Over the last several weeks, I’ve been trying to put into words some of the differences between Orthodoxy and the protestant roots from which we came. And it began with some wrestling with “prayer.”
All too often, prayer is just an afterthought, even for Orthodox. It is there for “emergency use.” And very often, when it is emphasized, it is pretty unclear as to just what it may be.
This happens because, all too often, people act as though there is no direction, no rule or definition for prayer. Our Lord’s command to pray, His invitation, was not made in a void, without context. The Apostles, Saints, Martyrs, all hand down to us the definition and direction for prayer! It does not have to be redefined. Prayer is to be spoken, done, lived!
For the Orthodox, for those in The Church, however, prayer is integral to life in the Body of Christ, to union with the blessed and Holy Trinity. Indeed, through prayer we seek to be joined in communion with the Blessed Trinity. It is not something on the periphery, something that can be taken or left, or something that is left up to one’s imagination. Prayer is of the fabric of living faith, and to pray without ceasing is not merely an ideal or some heady suggestion.
For those in The Church, then, the faith is a lived experience that includes prayer. It isn’t merely the topic of theological discussion or the fodder for pages and pages of writing. It is living reality.
So it is that our Lord, answering the Apostles, teaches us to pray, not only by instruction, but by His own constant prayer. How often we read of His taking time to pray early in the morning, around the time of meals, in the evening. The text of His prayer was more often than not the living word of the Psalms. Prayer was a thread that ran throughout the days and weeks.
Our Lord doesn’t leave us searching for words. We have the prayers handed down from the Apostles, from the saints, in the Hours, in Orthros and Vespers, in the Divine Liturgy. Prayers filled with the words blessed by the Spirit to form and shape thoughts, but also lives. We pray “forgive us our debts as we forgive our debtors.” We pray, "Lead us not into temptation," which can also be translated "Be with us in the time of hard testing." Each petition deals with life, and calls for living in the ways of the Lord.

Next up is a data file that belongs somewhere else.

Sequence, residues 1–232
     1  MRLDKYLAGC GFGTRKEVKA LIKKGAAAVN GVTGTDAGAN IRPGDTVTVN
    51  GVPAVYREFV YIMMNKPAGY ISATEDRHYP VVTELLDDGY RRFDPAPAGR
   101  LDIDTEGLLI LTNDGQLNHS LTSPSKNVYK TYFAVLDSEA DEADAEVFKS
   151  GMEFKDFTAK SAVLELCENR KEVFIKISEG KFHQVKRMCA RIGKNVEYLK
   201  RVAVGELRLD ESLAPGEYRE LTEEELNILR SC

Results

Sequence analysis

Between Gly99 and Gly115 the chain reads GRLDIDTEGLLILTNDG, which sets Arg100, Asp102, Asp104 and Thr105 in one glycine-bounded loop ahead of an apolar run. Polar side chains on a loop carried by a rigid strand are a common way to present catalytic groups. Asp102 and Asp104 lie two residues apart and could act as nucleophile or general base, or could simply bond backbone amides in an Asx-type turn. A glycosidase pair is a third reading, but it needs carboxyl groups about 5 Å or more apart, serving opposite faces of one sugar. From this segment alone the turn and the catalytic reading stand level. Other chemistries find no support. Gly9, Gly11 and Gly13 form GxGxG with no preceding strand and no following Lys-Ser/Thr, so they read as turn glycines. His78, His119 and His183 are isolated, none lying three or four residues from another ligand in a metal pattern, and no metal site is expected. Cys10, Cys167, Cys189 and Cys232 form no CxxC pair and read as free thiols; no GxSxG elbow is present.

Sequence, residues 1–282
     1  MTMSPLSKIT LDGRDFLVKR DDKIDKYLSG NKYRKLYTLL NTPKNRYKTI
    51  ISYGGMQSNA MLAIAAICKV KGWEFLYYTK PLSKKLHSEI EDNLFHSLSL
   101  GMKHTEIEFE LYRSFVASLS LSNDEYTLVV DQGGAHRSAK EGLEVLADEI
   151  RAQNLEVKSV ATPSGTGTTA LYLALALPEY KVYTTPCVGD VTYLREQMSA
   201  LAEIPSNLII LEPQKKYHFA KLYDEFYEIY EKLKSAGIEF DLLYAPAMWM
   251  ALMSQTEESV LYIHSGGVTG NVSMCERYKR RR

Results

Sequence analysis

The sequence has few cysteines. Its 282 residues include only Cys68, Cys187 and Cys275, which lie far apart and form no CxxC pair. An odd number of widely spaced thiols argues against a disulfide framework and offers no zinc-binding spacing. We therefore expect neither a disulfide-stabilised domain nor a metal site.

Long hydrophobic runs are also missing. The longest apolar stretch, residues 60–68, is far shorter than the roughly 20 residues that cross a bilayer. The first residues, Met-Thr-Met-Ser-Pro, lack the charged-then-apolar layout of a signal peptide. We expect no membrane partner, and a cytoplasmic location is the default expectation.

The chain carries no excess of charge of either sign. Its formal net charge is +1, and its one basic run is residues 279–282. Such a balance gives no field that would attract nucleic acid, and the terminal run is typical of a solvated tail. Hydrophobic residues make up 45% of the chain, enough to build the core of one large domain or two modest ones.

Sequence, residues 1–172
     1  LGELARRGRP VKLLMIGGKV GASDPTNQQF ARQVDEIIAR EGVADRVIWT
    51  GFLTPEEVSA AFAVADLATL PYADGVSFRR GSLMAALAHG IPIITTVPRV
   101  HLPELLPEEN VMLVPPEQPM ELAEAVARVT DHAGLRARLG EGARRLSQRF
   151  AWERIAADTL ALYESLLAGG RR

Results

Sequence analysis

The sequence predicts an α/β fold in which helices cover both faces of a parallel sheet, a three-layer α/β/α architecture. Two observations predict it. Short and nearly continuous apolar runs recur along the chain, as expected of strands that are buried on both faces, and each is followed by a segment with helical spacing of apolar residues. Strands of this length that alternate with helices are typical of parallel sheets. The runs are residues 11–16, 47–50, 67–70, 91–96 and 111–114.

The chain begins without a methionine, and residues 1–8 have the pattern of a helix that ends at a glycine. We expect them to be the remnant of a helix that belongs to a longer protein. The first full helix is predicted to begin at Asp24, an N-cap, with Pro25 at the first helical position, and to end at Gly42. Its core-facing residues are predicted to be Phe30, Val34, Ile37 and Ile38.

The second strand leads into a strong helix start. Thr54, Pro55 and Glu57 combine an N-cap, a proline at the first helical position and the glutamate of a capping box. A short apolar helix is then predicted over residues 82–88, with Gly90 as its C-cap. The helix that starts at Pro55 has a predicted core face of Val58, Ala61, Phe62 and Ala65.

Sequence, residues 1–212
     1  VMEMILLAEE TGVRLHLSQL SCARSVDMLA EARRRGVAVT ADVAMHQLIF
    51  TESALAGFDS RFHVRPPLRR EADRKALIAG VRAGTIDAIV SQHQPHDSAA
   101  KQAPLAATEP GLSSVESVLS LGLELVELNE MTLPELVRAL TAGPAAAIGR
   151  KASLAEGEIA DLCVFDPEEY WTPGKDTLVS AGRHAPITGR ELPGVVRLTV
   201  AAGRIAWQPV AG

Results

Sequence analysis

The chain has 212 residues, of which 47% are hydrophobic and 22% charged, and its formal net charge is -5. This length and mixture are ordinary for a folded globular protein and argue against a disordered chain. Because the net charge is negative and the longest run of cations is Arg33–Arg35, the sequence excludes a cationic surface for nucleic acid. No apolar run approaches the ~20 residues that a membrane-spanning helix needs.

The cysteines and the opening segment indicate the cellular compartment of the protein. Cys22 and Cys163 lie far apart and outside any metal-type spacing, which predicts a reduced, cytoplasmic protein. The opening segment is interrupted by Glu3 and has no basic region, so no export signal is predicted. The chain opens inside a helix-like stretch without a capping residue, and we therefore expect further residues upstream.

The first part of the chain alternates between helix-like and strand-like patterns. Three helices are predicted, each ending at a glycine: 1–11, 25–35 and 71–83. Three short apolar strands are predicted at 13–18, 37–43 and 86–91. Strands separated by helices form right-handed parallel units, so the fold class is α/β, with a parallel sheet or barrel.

We pray, "Lead us not into temptation," which can also be translated "Be with us in the time of hard testing." Each petition deals with life, and calls for living in the ways of the Lord.
We have received “the Jesus Prayer,” a simple prayer that is to be prayed day in and day out, always placing our lives and actions in the hands of Jesus. To pray “Lord Jesus Christ, have mercy on me, the sinner” directs us to ways of mercy and His grace. We pray that He would indeed live in us, and that our lives by His grace in every moment would be lived in the faith that He gives and nurtures.
I think all of this is to say that “prayer” isn’t merely a “religious thing” for “religious moments” (the generic statement in every crisis by even pagans is ‘you are in our prayers’). It is not an option, nor is it formed merely to try to get the Father in heaven to “come around” to whatever we want at the moment. Rather, in prayer, we are shaped and formed as the mercy of Christ grants us the power of the Holy Spirit: our prayer is indeed “Thy will be done.”
A friend suggest this thought from Fr. Pavel Florensky (1883-1937) from his The Pillar and Ground of Truth:
"One hears that, in foreign lands, people are now learning to swim, lying on the floor, with the aid of equipment. In the same way, one can become a Catholic or Protestant without experiencing life at all--by reading books in one's study. But to become Orthodox, it is necessary to immerse oneself all at once in the very element of Orthodoxy, to begin living in an Orthodox way. There is no other way."
To pray without ceasing is to be joined to Christ. It is to live every moment in His grace, His will, consciously.